As temperatures climbed well above 100 degrees Monday afternoon on the Strip, thousands of cheering fans readied for the air-conditioned comfort of the first Golden Knights watch party inside T-Mobile Arena.
Fans sprinted inside as the doors opened at 3:30, grabbing free “Vegas Born” rally towels, posters and, most importantly, good seats to watch Game 4 of the Stanley Cup Final against the Washington Capitals.
Anna Horvath, 19, of Las Vegas has been to playoff road-game watch parties outside the arena at Toshiba Plaza, and she welcomed the change of scenery.
“It’s always been really hot,” Horvath said. “There’s always been a lot of crowds. But it’s really nice that it’s inside, it’s cool, we get to watch it up on the big screen.”
She was one of many fans who tweeted at the arena’s Twitter account to lobby for an indoor party. If T-Mobile hadn’t opened its doors, Horvath said, she probably would have attended the outdoor watch party at Downtown Las Vegas Events Center.
The National Weather Service issued an excessive heat warning for the valley Monday, and the temperature reached 107. The record for June 4 is 109, set two years ago, the weather service said.
Because of the heat, “we wanted to provide an indoor option for our official Game Four viewing party,” team President Kerry Bubolz said in a statement.
An estimated 10,000 people attended, according to Katharine Sherrer, public relations manager for MGM Resorts International.
Among them was Las Vegas resident Charles Lynch, who grabbed seats for himself and four friends minutes after the doors opened. Clad in a yellow and black, plaid kilt and black, yellow and silver face paint, Lynch said he was inspired by Lee Orchard, the “Golden Knight” who opens every home game.
“He challenged me to get a kilt and step up my playoff game, so me and my roommate wear kilts now because he told us to,” said Lynch, who attended 15 regular-season games and every Knights watch party during the playoffs. “I can’t change my routine. It’s a thing.”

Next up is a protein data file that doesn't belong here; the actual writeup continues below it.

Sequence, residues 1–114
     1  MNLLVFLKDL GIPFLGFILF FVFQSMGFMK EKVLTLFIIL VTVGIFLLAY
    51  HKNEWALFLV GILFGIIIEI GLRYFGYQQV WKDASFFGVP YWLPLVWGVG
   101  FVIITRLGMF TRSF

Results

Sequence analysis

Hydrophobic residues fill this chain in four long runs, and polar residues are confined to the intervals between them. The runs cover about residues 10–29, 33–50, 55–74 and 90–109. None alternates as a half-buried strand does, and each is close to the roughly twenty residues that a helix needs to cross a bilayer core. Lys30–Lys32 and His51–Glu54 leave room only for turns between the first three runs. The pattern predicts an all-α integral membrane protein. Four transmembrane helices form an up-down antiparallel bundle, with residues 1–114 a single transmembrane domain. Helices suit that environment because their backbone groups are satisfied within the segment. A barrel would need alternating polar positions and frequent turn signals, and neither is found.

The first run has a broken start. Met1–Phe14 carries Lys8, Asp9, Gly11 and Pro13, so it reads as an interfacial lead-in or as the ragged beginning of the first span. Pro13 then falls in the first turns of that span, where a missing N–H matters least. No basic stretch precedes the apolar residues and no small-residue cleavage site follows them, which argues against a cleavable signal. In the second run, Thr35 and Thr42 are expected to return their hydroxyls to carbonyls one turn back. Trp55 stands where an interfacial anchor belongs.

But he was glad that this one was inside, especially after he started wearing the kilt.
“I’ve been bringing an entire case of water with me to give away to people, so at least I didn’t have to do that today,” Lynch said.
When the telecast started at 5, images of Washington Capitals players flashed on-screen: red jerseys skating on home ice, followed by a close-up of captain Alexander Ovechkin.
The arena boomed with boos.
The sound quickly turned into screams and cheers when the black and gold was shown, along with some familiar faces: Marc-Andre Fleury. William Karlsson. Ryan Reaves.
Once the game started, the crowd roared every time the puck neared the Capitals’ goal.
Then came the groans.
Ten minutes in, T.J. Oshie scored the first of Washington’s three opening-period goals. The Capitals would win, 6-2, and take a 3-1 series lead.
Though the Knights lost, Monday was still a memorable experience for Las Vegas resident Zaira Contreras and her family, who made their first visit to the arena.
“As soon as we heard they were having (an indoor watch party), we got off of work early so we could come here,” she said.
And the experience wasn’t lost on her 3-year-old daughter, Mia.
“I’m super, super, super, super, super excited,” she said.
Raining on the parade
Clark County made an about-face Monday when it deleted a county commission agenda item regarding a parade to celebrate the Golden Knights’ inaugural season.
Commissioners were scheduled to vote Tuesday on a 3.5-mile-long parade route on the Strip between Sahara and Tropicana Avenues, but commission Chairman Steve Sisolak said the team asked him to scrap the discussion.
“They do not want to talk about this,” Sisolak said. “Hopefully the time will come for this discussion at a later date, but all they want to talk about right now is the games they have left to play.”
Michael Scott Davidson/Las Vegas Review-Journal